If you’ve read the Downton Abbey Dish you know that my recaps lean toward the cheeky side. If you’re just joining the British Telly Dish blog now, know that I kid because I love. Here we go.
I don’t know about you, but I long for a simpler age when trolls had to go to the trouble of writing, publishing and distributing pamphlets, rather than simply posting rants to Facebook from the comfort of their home computer. It was a glorious time to be alive. Also glorious: stunning Cornwall! Just like with Downton Abbey, where the house, Highclere Castle, was a character, in Poldark the rolling hills and rocky shores of Cornwall are characters, used to their best advantage by some gorgeous cinematography.
Watch Masterpiece: Poldark, Season Two, Episode One to pick up the story of Poldark mere minutes from where we left off with the season 1 cliffhanger which, coincidentally, was conveniently located on an actual cliff. Ross Poldark is dragged away to Truro jail on trumped up charges of wrecking and murder as Demelza sobs. But wait, where is Demelza? She was standing right there on the cliff when we left. Uh-oh.
You Gotta Have Friends
Ross goes to his arraignment and smack talks the judge. He is being charged. Personally I think the authorities may have over-reacted. That beach party plundering looked a lot like typical Black Friday shopping to me, but whatever. Ross is out on £100 bail (that’s £13,400 in 2016 pounds, or $17,393 in US currency). The trial is in five days.
Elizabeth steps in to try and save her one-time love Ross. She uses her feminine wiles, and George’s creepy, unrequited feelings for her, to out manipulate him and sway him into dropping the charges. She flatters him and plays him like a cheap violin, telling him how indebted Ross would be. She gets him to consider it and meet with Ross, where Ross will surely say he’s been wrong about George all along. Elizabeth writes to Demelza and invites her and Ross to tea and when they get to Trenwith, surprise! Out of the shadows steps Nellie Olsen (George). Awkward. Everything goes pear-shaped from there, then Francis shows up and thinks this is about Ross (and it might be). Ross (and Demelza) abruptly leave saying being indebted to George is more than his liberty is worth. Then Francis asks for privacy and George tosses his golden ringlets (and nose) in the air and flounces out the door.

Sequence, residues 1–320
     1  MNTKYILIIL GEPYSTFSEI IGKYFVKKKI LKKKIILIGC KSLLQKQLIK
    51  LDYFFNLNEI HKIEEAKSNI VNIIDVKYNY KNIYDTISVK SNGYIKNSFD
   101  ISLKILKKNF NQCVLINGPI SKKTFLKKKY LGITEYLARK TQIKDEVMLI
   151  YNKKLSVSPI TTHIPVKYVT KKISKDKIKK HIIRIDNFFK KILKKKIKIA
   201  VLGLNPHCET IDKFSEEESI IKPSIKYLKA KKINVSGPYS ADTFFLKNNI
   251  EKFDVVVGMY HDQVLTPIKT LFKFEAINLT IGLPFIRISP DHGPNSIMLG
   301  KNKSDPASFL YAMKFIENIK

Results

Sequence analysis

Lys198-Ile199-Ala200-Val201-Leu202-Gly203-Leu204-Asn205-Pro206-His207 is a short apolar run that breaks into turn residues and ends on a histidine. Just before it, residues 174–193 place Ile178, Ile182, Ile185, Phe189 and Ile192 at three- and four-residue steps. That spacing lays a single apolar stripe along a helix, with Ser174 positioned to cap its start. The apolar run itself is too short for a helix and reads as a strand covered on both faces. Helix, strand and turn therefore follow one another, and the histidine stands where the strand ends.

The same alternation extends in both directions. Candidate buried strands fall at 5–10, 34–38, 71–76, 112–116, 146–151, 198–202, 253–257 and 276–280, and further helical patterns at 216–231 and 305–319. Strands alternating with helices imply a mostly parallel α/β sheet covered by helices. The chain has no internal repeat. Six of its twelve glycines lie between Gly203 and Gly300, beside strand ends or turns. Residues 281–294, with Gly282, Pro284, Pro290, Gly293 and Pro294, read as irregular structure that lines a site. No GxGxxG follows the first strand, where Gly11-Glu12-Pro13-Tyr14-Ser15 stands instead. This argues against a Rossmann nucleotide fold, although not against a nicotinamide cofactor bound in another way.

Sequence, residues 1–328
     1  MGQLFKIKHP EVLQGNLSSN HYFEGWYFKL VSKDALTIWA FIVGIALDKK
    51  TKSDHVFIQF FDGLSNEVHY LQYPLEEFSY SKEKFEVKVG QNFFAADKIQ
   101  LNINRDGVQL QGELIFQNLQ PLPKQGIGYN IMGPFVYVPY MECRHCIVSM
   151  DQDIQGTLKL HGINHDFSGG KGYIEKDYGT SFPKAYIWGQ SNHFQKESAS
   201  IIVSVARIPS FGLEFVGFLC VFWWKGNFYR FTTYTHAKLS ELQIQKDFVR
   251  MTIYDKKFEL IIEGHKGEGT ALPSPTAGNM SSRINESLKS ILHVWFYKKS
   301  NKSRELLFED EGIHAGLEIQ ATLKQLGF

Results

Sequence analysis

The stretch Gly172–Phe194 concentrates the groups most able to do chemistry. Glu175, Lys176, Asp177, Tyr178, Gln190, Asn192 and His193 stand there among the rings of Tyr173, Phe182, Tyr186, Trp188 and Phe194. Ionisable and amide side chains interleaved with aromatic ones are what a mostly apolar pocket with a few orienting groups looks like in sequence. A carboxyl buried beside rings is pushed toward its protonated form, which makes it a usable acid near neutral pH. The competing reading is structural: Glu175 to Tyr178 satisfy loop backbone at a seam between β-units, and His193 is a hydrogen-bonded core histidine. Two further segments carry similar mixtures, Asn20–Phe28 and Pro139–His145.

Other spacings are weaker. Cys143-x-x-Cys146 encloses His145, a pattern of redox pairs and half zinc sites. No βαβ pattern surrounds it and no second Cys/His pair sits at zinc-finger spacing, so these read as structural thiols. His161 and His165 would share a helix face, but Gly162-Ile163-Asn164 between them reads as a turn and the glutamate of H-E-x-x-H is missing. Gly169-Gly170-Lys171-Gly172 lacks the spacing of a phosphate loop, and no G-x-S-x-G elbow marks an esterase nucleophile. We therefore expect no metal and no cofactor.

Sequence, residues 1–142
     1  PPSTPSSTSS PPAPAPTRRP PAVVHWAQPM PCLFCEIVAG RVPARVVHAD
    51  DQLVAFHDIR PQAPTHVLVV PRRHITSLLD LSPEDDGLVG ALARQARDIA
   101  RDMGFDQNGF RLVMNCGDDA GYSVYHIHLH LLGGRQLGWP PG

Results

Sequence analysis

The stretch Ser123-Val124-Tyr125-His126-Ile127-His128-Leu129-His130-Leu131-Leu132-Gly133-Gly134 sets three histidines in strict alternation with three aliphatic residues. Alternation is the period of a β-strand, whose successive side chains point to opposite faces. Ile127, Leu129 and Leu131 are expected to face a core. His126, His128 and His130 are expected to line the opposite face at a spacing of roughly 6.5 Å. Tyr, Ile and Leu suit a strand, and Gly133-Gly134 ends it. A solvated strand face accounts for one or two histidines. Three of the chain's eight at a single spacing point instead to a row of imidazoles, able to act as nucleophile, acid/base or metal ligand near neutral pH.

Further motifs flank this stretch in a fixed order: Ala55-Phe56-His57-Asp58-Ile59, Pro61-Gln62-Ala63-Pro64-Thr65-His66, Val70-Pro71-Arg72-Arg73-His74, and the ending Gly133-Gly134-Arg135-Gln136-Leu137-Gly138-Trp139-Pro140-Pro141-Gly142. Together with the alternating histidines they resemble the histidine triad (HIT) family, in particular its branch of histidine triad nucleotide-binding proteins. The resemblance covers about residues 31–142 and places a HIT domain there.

What did George think would happen? That Ross would say, OK, let’s be BFFs and then Francis would step aside (or be pushed), so that George would spend happy evenings with Elizabeth, Ross, and Demelza at the Poldark family home playing Canasta? I bet he did. But it didn’t work out that way and now George is in DEFCON 1 mode. Poor Georgie. All he wants is a friend, but if you are not going to be his friend he will make you pay.
George is aided in his quest by reptilian lawyer Tankard, who looks like he leaves an oily spot behind anywhere he stands. Tankard goes looking for witnesses to buy (i.e.: lie), and together they set out to pollute the jury pool by producing The Truro Enquirer, a pithy bit of fiction that calls Ross (among other things) a Jacobin (which, one thinks, is a way of likening him to Jacobin revolutionary Guy Fawkes who tried to blow up Parliament), and calls Demelza a doxie (AKA a mistress or prostitute). We find out that the end game of George’s plot goes beyond Ross; once Ross is dead he plans to take the mine away from Demelza. Aunt Agatha could have predicted this. Aunt Agatha is crazy like a fox and knows all because she only pretends to be sleeping there in the chair, when she’s not playing with Tarot cards. (Which is what passed for entertainment before MASTERPIECE was invented.)
Ross is in denial over the severity of his situation, and not even his defense attorney explaining to him that the truth won’t necessarily set him free can make him change his mind. He is not exactly a dream client. Some people run from their problems with drink, some with nefarious activities, others with abstract busyness; Ross runs from his problems by tearing off his shirt and pounding away at inanimate objects, and we are all the richer for it, are we not? Like a shirtless Don Quixote, he seems determined to strike tin before he goes.
He does see a lawyer to make out his Will, leaving what little he has to Demelza (including another (derelict) mine, Wheal Grace, that he thinks is worthless, but is it? Hmmm…)
Never Can Say Goodbye, No, No, No, I
Francis sits on the cliff gazing across the rocky coast, lamenting the loss of his mine (which he stupidly lost in a card game with a cheating Warleggan). When he says to Elizabeth that Ross would never have gambled away his mine, he seems to be saying what he thinks she thinks. He’s looking for reassurance, but she doesn’t exactly comply. Elizabeth and Francis are in separate bedrooms. Understandable. Remember this second season picks up just minutes after the last one ended, so it really hasn’t been that long since Francis was with that hooker. But when he knocks on Elizabeth’s bedroom door and asks if he can stay the night and she answers, “not tonight, I’m dreaming of my swashbuckling ex and you’ll ruin the fantasy”, that was a bit harsh, wouldn’t you say?